Take a degenerate gambler with a history of greatness, a leather coat wearing hotshot with a point to prove, an aspiring singer and actor down on her luck, mix in some Judo and a karaoke lounge bar that ties them all together and you’ve got Johnnie To’s Throw Down

Tony (Aaron Kwok) comes to town looking for a fight, a specific fight with Judo aficionado Szeto Bo (Louis Koo). However, Szento Bo leads a completely different life now; he’s a terrible gambler with a drinking problem that runs and works in a bar. Settling for the saxophone player, Tony fights him in the street and dislocates his shoulder, leaving an opening in the lounge bar band…

At this time Mona (Cherrie Ying) is getting rudely evicted from her accommodation (not paying rent for six months will usually gain that reaction) but she is not letting that get in the way of her dream to become a singer. Or an actor. Or something famous, she’s not picky. That dream leads her to a late night karaoke bar to audition for the lounge band. Poor Szeto Bo has a hell of a hangover and is in no mood to listen to live music, especially when Tony bursts through the door, saxophone-a-blazing to make the audition a duet. Not what you’re needing on a raging hangover, Szeto Bo asks the pair to accompany him on an errand that turns out to be a scheme to steal fifty grand from a local bookie called Brother Savage (Eddie Cheung). The three form an unlikely rag tag trio, successfully lifting the money, dividing it up and allowing Tony to challenge, and beat, Szeto Bo. Unsatisfied with the ease of the fight, Tony sticks around, waiting it out for a real challenge. Mona stays because she has somewhere to showcase her voice. 

Later that night all three backstories of the main characters culminate in the lounge bar. Mona’s agent, Szeto Bo’s Master and Brother Savage are in the audience as our trio performs, each wanting money and as tensions rise, violence breaks out in the bar. Just as well everyone involved is familiar with Judo in some capacity. As the carnage tears through the venue, Lee Kong (Tony Leung Ka Fai) just sits and observes but eventually steps outside and takes everyone out, breaking bones and taking no prisoners. Tony has found his challenge!

Judo is the foundation of this film and is the art that connects the three protagonists.. That being said, there are but a handful of fight scenes in the movie. The practice is about focus, putting your opponent off balance and taking them to the floor. Resilience is a must, as you will probably be on your arse a lot. Digging deep and getting back up to fight takes a lot of mental strength. Tony suffers disappointment in his fight with Szeto Bo, the challenge not being anything like he imagined and yet he sticks around, biding his time for the real fight to reveal itself. Mona is made homeless, has to beg for a lounge singer job, her father is trying to persuade her to give up on her career in entertainment but nothing can phase her, she will become a singer even if she has to move to Japan to do so. Very well hidden within the narrative, Szeto Bo’s vision is deteriorating and for years he allowed it to be the reason for his gambling and alcohol abuse. Spending time with his two new companions, Szeto Bo realises that only he can stop the cycle of misery. He’s been on the floor for two years, and now he can dust himself off and try again.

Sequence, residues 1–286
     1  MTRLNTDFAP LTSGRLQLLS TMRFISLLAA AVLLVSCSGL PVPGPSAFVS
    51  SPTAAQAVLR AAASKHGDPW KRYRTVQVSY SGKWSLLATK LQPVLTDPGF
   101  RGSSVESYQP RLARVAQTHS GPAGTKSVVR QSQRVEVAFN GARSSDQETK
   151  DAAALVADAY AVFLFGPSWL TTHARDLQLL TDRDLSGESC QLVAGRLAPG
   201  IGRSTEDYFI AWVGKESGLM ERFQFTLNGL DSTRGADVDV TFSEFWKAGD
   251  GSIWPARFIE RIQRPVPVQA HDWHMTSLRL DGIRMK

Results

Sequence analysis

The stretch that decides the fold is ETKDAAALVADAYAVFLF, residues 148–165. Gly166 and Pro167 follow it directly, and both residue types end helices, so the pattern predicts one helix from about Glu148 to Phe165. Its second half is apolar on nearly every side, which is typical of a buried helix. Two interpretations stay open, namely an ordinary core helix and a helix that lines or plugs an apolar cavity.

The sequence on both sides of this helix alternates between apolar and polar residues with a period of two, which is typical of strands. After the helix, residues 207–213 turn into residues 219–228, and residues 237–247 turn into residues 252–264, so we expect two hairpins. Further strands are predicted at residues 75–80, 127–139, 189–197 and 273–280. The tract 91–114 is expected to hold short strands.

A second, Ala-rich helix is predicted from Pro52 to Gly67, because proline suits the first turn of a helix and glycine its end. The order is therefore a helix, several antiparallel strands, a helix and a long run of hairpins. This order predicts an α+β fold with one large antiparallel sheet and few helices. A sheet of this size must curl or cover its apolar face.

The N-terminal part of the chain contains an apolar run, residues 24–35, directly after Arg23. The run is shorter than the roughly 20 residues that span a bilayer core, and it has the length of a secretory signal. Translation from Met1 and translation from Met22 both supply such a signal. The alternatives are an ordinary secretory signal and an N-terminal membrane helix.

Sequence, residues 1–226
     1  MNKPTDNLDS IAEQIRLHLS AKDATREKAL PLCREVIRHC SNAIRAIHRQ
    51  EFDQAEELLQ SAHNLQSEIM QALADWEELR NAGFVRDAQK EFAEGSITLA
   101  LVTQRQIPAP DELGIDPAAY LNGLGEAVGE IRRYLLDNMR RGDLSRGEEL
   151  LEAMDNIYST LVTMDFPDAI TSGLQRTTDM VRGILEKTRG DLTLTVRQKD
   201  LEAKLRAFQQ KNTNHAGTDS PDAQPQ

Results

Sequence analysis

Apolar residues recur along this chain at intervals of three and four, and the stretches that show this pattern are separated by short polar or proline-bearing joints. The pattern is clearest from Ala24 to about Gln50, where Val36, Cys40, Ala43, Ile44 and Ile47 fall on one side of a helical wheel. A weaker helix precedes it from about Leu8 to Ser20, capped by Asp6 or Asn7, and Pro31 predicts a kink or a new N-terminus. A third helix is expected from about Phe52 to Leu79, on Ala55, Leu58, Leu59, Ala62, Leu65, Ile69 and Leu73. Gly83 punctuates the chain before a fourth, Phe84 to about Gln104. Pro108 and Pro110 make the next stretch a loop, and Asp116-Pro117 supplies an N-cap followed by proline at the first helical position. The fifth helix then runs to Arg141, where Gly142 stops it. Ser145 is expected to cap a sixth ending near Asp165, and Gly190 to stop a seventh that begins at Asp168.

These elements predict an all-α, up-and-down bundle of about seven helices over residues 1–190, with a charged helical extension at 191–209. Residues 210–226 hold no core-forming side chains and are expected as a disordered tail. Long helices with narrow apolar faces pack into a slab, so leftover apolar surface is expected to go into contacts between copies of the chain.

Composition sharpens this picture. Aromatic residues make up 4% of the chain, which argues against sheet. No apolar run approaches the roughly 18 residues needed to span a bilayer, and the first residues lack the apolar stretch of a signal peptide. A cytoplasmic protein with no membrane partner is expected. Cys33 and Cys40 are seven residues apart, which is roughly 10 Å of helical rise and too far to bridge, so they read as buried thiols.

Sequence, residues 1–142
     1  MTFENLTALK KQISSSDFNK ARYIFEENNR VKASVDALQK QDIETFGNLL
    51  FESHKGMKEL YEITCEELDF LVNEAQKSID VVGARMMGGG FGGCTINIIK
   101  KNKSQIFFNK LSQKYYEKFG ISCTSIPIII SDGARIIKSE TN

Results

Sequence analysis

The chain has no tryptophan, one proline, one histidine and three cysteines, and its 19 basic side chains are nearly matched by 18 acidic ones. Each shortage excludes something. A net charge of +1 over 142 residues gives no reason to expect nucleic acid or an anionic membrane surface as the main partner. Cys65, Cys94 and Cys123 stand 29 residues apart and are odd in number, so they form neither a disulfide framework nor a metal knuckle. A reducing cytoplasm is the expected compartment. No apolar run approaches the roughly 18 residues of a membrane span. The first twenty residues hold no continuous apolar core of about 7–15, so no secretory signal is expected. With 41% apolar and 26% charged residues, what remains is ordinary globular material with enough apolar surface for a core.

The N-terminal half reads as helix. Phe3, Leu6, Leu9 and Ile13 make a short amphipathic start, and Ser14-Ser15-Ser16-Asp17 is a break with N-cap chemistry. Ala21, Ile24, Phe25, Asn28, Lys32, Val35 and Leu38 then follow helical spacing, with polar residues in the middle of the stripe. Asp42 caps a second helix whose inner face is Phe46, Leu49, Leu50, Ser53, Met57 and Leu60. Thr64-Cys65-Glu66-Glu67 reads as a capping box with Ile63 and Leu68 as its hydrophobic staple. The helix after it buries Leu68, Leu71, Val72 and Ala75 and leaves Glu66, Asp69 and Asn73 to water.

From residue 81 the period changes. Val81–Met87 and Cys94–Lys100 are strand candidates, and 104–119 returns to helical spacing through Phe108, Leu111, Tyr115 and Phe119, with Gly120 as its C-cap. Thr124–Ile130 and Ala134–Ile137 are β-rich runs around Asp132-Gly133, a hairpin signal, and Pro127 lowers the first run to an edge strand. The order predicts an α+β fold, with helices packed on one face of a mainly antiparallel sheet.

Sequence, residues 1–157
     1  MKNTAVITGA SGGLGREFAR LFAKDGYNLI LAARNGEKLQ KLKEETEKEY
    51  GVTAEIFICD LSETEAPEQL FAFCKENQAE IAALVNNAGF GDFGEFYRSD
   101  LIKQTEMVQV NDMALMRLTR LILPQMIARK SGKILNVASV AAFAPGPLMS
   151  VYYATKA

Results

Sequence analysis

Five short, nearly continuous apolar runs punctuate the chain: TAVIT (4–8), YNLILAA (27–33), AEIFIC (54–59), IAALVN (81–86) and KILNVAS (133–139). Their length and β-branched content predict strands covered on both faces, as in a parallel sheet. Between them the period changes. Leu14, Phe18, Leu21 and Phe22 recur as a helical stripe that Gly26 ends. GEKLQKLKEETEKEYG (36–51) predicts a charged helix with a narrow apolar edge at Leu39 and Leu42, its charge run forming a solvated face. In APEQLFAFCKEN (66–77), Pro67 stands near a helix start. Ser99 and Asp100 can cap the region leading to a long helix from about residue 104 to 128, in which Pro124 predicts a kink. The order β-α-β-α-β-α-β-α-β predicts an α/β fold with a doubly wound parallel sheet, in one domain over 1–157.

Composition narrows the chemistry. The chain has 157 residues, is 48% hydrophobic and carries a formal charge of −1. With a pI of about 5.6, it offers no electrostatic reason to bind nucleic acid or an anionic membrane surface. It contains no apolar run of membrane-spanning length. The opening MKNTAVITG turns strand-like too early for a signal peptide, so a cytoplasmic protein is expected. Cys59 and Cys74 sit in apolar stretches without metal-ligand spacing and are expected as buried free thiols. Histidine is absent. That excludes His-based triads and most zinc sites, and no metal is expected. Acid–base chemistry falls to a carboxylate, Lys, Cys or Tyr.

The Blu-Ray is full of additional and informative content, such as a 40 minutes interview with Johnnie To, a behind the scenes making of featurette, numerous commentaries plus an English dubbed version of the film. This is well worth a watch if only for a few scenes just for a giggle. The dubbing is timed well but none of the emotion of the scene transfers across from the performance of the voice actors. 

I mean absolutely no disrespect to the art of Judo but when captured on film it’s not the most exciting of the martial arts and I wouldn’t class this as an action film. The way Johnnie To spaces out the Judo scenes are visually stimulating, almost making this brutal art look akin to well choreographed dance. The fight scenes are held on wonderful set designs and locations, coupled with a beautiful musical score and the 4K restoration, making Throw Down a stunning production to behold. At times the characters and how their relationships grow can be a touch confusing or even bizarre but ultimately that doesn’t affect the overall message of this film: get knocked down, learn from it and come back stronger. Not a million miles away from the tone of Chumbawamba’s 90s feel good anthem, Tubthumping.

Dir: Johnnie To

Scr: Nai-Hoi Yau, Tin-Shing Yip, Kin-Yee Au

Cast: Louis Koo, Aaron Kwok, Cherrie Ying, Tony Leung Ka Fai, Eddie Cheung

Prd: Catherine Chan, Tiffany Chen, Elos Gallo, Stephan Lam, Johnnie To

DOP: Sui-Keung Cheng

Music: Peter Kam

Country: Hong Kong/China

Year: 2004

Run time: 95 mins

Throw Down is available on Blu-ray on 18th May 2020